as a face that a spirit might wear, for it was not made up of flesh but
of some glowing matter or stuff, such as glow-worms are made of; nor
could he call it ugly or beautiful, for it was not of this world. He had
drawn the bed-clothes over his head, but--impelled he knew not why, for
he was nearly dead with fright--he had poked his head out to see if the
face was still there. The lips did not move, but he had heard a voice.
The tones were not like any heard before, but he had listened to them
all the same, and if he had not lost his wits again in an excess of fear
he would have put questions to Samuel: he would have put questions if
his tongue had not been tied back somewhere in the roof of his mouth.
But the next time he would not be frightened and pull the bed-clothes
over his head.

And convinced of his own courage he lay night after night thinking of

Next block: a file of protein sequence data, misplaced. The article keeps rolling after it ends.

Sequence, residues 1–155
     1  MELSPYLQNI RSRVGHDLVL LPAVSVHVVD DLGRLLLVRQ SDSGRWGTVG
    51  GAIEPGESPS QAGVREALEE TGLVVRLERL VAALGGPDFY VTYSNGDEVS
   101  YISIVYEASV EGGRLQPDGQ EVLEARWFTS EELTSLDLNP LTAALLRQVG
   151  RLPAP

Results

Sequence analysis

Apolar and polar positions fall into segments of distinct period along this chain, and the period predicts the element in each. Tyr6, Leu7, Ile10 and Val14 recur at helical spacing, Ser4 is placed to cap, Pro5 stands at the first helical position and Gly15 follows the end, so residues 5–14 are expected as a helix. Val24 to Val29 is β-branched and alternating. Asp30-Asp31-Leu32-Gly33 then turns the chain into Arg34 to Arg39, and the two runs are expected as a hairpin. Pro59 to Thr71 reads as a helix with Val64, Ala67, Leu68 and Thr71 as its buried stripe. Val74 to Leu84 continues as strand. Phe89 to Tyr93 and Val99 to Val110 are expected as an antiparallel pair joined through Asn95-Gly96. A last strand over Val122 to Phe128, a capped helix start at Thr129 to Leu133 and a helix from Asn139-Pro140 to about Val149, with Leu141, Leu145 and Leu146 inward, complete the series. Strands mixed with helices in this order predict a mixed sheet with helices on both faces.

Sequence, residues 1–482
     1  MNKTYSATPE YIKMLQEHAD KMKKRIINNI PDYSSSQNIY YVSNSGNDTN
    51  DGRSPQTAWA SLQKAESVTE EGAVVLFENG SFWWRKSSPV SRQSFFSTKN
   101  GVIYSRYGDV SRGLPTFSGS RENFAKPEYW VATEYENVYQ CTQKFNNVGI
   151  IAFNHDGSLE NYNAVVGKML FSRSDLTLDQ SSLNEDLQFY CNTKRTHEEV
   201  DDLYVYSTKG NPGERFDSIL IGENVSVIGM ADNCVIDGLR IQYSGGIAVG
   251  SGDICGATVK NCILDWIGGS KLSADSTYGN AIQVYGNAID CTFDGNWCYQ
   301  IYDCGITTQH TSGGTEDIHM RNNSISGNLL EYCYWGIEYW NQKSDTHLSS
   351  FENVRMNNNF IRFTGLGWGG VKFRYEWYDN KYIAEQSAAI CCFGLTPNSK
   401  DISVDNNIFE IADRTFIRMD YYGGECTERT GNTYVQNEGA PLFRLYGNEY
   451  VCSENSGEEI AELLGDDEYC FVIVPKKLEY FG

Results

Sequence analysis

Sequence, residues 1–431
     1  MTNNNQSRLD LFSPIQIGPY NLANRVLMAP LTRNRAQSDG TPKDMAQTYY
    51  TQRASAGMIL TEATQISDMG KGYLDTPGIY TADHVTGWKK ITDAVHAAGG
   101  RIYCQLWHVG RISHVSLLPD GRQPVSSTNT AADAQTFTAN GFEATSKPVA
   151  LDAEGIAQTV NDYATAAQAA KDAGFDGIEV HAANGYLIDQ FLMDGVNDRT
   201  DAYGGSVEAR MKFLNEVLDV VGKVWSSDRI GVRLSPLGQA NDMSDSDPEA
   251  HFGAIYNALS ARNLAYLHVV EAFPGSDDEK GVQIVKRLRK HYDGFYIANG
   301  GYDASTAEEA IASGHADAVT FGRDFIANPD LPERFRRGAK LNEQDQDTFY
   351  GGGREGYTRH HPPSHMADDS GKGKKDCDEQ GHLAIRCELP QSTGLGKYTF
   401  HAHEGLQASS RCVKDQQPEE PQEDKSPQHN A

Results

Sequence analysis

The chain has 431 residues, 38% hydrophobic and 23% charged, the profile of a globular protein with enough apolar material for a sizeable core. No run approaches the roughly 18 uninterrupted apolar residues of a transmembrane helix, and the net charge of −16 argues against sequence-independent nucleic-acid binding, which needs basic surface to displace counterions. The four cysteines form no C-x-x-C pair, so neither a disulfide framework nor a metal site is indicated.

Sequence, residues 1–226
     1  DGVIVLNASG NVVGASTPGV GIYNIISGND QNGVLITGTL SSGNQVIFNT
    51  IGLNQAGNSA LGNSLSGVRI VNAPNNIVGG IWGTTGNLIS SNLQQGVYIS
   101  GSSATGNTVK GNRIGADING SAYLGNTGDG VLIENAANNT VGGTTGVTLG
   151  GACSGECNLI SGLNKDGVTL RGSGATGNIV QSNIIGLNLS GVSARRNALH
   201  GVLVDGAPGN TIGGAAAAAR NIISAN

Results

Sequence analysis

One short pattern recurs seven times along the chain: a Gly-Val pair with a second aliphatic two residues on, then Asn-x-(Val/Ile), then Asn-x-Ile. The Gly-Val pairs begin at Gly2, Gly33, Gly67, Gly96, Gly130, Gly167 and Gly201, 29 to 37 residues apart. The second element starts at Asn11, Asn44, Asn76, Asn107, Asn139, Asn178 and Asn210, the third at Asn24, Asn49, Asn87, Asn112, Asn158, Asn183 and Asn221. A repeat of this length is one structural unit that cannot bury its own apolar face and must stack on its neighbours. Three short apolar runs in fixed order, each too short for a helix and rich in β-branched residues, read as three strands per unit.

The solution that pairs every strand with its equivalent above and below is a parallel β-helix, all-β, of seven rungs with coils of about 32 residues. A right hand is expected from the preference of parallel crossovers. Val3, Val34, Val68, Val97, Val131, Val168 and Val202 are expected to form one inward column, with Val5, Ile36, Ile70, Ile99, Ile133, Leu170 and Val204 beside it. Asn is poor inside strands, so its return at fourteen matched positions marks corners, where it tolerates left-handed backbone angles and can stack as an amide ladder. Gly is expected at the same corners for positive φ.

all the great things he would ask the old man and of the benefit he
would derive from his teaching. But Samuel did not appear again, perhaps
because the nights were so dark. Joseph was told the moon would become
full again, but sleep closed his eyes when he should have been waking,
and in the morning he was full of fear that perhaps Samuel had come and
gone away disappointed at not finding him awake. But that could not be,
for if the prophet had come he would have awakened him as he had done
before. His ancestor had not come again: a reasonable thing to suppose,
for when the dead return to the earth they do so with much pain and
difficulty; and if the living, whom they come to instruct, cannot keep